There are two changes to rounding between Python 2 and Python 3 that programmers should watch out for when migrating. I realize that Python 3 has been out for ten years, but I also know there are still people using Python 2 so there’s a chance this info is still useful to someone.
Ties away from zero vs. ties to nearest even
Python 2’s rounding behavior is “round to nearest, ties away from zero.” Python 3 uses “round to nearest, ties to nearest even,” sometimes called “banker’s rounding.” This change manifests in both the built-in
round() function and in
I think this change is great. Ties-to-nearest-even is a great choice. But if you want the Python 2 behavior in Python 3 you’ll have to do some work. For
float it’s easiest to make your own function. See this example (starting after “if you need the Python 2 behavior”). For
Decimal you can specify
decimal.ROUND_HALF_UP when calling
I wish Python 3
round() took a rounding scheme parameter because the alternatives are cumbersome. Also it’s hard to mimic
round()‘s behavior exactly, especially for positive/negative numbers and positive/negative values of
round() does or does not cast Decimals to floats
This change is more subtle. Python 2
round() always does floating-point arithmetic, even if you pass in a
Decimal. But Python 3
round() delegates to the class of the value being passed in. This means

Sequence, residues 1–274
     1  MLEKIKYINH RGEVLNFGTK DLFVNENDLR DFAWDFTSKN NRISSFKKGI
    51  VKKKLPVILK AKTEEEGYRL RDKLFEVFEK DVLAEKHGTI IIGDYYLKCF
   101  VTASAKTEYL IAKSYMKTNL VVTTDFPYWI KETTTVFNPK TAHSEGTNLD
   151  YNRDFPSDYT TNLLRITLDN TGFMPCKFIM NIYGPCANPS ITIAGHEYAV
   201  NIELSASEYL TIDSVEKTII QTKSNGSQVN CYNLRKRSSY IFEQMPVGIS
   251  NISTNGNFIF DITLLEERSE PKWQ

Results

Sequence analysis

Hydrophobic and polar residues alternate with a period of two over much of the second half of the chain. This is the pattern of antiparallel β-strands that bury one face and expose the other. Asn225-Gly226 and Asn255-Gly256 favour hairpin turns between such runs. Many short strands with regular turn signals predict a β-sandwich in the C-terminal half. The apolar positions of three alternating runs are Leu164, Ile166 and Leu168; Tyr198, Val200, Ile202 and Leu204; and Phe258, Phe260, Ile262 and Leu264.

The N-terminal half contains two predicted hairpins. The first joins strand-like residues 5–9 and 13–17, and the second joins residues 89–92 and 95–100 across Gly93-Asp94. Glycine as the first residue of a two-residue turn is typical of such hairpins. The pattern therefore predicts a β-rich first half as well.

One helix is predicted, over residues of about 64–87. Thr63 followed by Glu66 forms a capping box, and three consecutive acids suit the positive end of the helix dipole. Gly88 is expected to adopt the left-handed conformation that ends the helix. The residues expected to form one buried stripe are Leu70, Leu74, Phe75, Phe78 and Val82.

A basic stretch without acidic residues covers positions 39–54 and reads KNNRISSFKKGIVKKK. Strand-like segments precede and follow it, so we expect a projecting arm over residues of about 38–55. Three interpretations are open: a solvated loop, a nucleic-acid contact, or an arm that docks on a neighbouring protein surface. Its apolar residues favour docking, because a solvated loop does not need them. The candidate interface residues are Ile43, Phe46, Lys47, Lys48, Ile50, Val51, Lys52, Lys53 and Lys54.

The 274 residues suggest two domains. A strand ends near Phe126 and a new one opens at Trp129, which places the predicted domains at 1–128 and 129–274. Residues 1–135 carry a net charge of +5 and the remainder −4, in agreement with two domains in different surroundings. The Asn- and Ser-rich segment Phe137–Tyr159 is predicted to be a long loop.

Decimals rounded with
round() are susceptible to floating-point imprecision in Python 2 but not in Python 3.
I think this change is great, too. Let me give you an example from Python 2 to explain why. First let’s round the
float 1.006 to 2 decimal places:
>>> round(1.006, 2)
Makes sense. Now let’s try rounding 1.005 to 2 decimal places. We expect the same result because Python 2 rounds ties away from zero (“up” in this case, since the number is positive).
>>> round(1.005, 2)
That’s weird. What happened? It turns out 1.005 can’t be represented exactly as a floating-point number. You can see this if you convert 1.005 from
Oof. But we’re using floating-point numbers and they’re notorious for this, so we only have ourselves to blame. Conscientious programmers would avoid this problem by using
decimal.Decimal. Let’s try it:
>>> round(decimal.Decimal('1.005'), 2)
Oof—still wrong. This time because
round() converts to
float. That’s an easy mistake to make. Honestly I think it would have been better if Python 2
round() raised an exception if called with a
Decimal, because implicitly converting to
float with the possibility of incorrect results due to floating-point imprecision is likely not what the programmer wanted.
So what’s the right way to round a
Decimal in Python 2? This awkward incantation:
>>> decimal.Decimal('1.005').quantize(decimal.Decimal('0.01'), decimal.ROUND_HALF_UP)
Yeah. Not great. It’s definitely an improvement being able to use
round() in Python 3 (provided you’re ok with ties-to-nearest-even, anyway).
Guidelines for working with numbers with fractions
decimal.Decimalunless you need performance and know that imprecision is acceptable, in which case use
- Decide what rounding scheme is appropriate for your application (ties away from zero, ties to nearest even, etc) and make sure your code is using it.
- Don’t use
decimal.Decimalin Python 2.
An unrelated complaint
This isn’t Python-specific, but I hate that floating-point numbers are a default. In the world we live in, where programmers may not have a computer science background and may not be familiar with the pitfalls of floating-point arithmetic, I think there is no reasonable default. It’s too easy for programmers to get behavior they don’t want. I like strict languages and I think we’d be better off if languages forced programmers to specify either floating-point or decimal.Decimal/BigDecimal/etc for every number that has a fraction.